Turkey amends its unlicensed market regulation


At long last, and something that has been widely expected by energy market players in Turkey, the amendment of the regulation on the unlicensed electricity generation in the electricity market has been issued. The amendment, prepared by Turkey’s Energy Market Regulatory Authority (EMRA), was published in the official gazette on March 23rd.

Three major changes

A spokesman for Turkey’s Solar Energy Society (Solarbaba) told pv magazine that the amendment brings three basic changes.

Firstly, a given company can install only one project up to 1 MW. In more detail: "Apart from the exceptions in relation to rooftop installations, the amendment on the regulation brought a restriction on the total installed capacity of plants held directly or indirectly by the same real or legal person," said Solarbaba. Thus, the total grid allocation to be made to unlicensed energy plants owned by one entity cannot exceed 1 MW per substation.

The updated regulation also requires the applicants to present information as per their direct and/or indirect shareholding in the course of their system connection application, which hints that the government aims to apply the rule strictly.

Secondly, whatever entity receives the call letter must also finish the project and connect it to the grid. In other words, project developers cannot sell a license before they develop and electrify the project. After a solar power plant is connected to the grid, the owner can freely sell the company to another investor.

Finally, the amendment on the unlicensed market regulation applies restrictions on the self-consumption front. Therefore, the meter of the investor applying for a new license must be rated at least 30 kW in order to install a 1MW project (the ratio is 1:30).

In more detail, power meters are rated according to the max Wattage. For example, households use power meters rated max 5 kW. So, if an investor aims to connect to the grid a PV installation using his power meter, he can only install up to 150 kW (this is 30 times kW). Investors who aim to install 1 MW of PV capacity need to arrange with the utility companies for power meters rated 35 kW.

The self-consumption requirement

Of perhaps lesser significance, but under the same scope of applying stricter rules on the self-consumption front, the amended regulation brought specific norms and procedures in relation to the distance to the grid connection. Thus, the distance from the unlicensed energy plant to the connection point cannot exceed five kilometers for plants with an installed energy capacity below 0.499 MW, and ten kilometers for plants with an installed energy capacity between 0.5 MW and 1 MW.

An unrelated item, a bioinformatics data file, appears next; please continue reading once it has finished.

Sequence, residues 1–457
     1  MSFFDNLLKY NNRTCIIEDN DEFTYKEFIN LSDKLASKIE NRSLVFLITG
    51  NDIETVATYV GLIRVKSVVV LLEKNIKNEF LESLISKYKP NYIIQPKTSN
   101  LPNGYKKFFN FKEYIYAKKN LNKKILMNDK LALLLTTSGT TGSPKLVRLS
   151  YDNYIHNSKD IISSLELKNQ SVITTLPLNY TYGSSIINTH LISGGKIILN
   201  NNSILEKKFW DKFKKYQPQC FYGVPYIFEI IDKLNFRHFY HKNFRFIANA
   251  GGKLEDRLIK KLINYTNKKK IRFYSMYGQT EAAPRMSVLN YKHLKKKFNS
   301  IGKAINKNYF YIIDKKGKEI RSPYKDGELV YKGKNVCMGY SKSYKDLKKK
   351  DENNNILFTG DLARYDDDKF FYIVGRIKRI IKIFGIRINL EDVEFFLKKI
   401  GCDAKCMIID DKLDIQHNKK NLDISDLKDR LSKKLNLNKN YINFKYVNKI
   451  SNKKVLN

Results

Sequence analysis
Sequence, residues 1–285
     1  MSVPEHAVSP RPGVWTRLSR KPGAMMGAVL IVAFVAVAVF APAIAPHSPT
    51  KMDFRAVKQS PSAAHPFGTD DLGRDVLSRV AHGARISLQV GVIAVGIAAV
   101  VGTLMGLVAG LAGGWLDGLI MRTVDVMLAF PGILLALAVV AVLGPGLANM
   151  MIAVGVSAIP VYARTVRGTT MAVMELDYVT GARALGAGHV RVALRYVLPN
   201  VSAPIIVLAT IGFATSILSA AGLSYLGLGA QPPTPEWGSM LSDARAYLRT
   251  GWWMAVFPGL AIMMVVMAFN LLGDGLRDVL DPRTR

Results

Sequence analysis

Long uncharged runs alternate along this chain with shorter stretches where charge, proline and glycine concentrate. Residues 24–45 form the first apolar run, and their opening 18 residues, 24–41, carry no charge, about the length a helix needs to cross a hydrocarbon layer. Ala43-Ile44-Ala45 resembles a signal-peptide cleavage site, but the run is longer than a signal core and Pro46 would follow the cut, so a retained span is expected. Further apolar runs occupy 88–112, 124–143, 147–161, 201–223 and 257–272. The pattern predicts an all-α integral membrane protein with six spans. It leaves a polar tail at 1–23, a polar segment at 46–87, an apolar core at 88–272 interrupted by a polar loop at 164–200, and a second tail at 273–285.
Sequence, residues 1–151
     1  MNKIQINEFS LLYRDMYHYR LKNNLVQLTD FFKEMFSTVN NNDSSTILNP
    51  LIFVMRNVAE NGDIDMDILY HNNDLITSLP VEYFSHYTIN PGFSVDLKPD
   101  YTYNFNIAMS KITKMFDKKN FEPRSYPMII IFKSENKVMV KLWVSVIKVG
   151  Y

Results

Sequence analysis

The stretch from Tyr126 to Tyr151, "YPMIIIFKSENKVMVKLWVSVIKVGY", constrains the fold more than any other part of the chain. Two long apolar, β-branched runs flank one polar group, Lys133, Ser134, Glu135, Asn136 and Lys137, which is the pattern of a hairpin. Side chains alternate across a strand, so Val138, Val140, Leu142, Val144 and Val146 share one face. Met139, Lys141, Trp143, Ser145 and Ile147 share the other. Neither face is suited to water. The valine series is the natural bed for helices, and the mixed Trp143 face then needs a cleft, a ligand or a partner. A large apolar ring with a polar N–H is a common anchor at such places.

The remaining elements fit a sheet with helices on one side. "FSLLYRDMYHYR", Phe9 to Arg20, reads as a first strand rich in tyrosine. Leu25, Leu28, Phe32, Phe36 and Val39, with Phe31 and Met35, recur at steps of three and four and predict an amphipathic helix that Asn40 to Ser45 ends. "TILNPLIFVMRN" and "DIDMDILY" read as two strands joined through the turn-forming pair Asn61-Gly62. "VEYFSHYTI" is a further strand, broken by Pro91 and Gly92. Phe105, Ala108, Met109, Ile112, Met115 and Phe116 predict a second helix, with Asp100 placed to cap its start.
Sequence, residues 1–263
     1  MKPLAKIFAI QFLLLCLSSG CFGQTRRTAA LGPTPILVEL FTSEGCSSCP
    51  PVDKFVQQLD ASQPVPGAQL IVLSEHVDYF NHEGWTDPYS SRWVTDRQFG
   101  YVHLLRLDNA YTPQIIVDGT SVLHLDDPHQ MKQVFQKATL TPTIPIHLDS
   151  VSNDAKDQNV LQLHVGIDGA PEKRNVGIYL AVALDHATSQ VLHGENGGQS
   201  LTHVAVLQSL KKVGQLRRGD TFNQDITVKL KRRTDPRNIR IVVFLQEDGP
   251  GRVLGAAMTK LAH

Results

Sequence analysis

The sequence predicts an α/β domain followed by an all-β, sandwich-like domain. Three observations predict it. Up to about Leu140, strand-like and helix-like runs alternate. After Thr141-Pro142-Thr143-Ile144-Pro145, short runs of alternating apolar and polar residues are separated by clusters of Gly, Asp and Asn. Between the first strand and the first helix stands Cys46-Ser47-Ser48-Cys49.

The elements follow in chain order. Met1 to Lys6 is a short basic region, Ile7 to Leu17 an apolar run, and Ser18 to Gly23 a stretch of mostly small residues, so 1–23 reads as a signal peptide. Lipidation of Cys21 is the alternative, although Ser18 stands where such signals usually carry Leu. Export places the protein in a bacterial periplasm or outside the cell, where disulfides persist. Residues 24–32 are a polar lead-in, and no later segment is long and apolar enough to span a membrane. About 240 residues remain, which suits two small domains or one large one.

In fact, the self-consumption requirement already existed for the unlicensed installations. However, in practice, investors often built two to four different projects together and nearby, totaling 1 MW capacity and by far exceeding their power demand. It is possible that Turkish institutions deliberately turned a blind eye on this situation for the PV market to kick start. The amended regulations rather make it clear compliance will be much stricter.

Looking forward

Solarbaba’s spokesman said that the unlicensed market regulation amendment "will affect the PV market negatively," but he added, "we want first to observe the real situation on the field before making any comments, because those changes are on paper and the reality may differ from the theory."

So far, the unlicensed market has driven Turkey’s solar PV installations, adding about 150 MW of new PV capacity in 2015 alone. "The potential unlicensed pipeline is circa 1 GW," Andi Aranitasi, an Instabul-based senior member of the Power and Energy team at the European Reconstruction and Development Bank (EBRD) said recently.

The April issue of pv magazine will run an analysis of Turkey’s solar PV market including inputs from the EBRD and other major energy stakeholders.

Popular content

This content is protected by copyright and may not be reused. If you want to cooperate with us and would like to reuse some of our content, please contact: editors@pv-magazine.com.


Related content

Elsewhere on pv magazine...

Leave a Reply

Please be mindful of our community standards.

Your email address will not be published. Required fields are marked *

By submitting this form you agree to pv magazine using your data for the purposes of publishing your comment.

Your personal data will only be disclosed or otherwise transmitted to third parties for the purposes of spam filtering or if this is necessary for technical maintenance of the website. Any other transfer to third parties will not take place unless this is justified on the basis of applicable data protection regulations or if pv magazine is legally obliged to do so.

You may revoke this consent at any time with effect for the future, in which case your personal data will be deleted immediately. Otherwise, your data will be deleted if pv magazine has processed your request or the purpose of data storage is fulfilled.

Further information on data privacy can be found in our Data Protection Policy.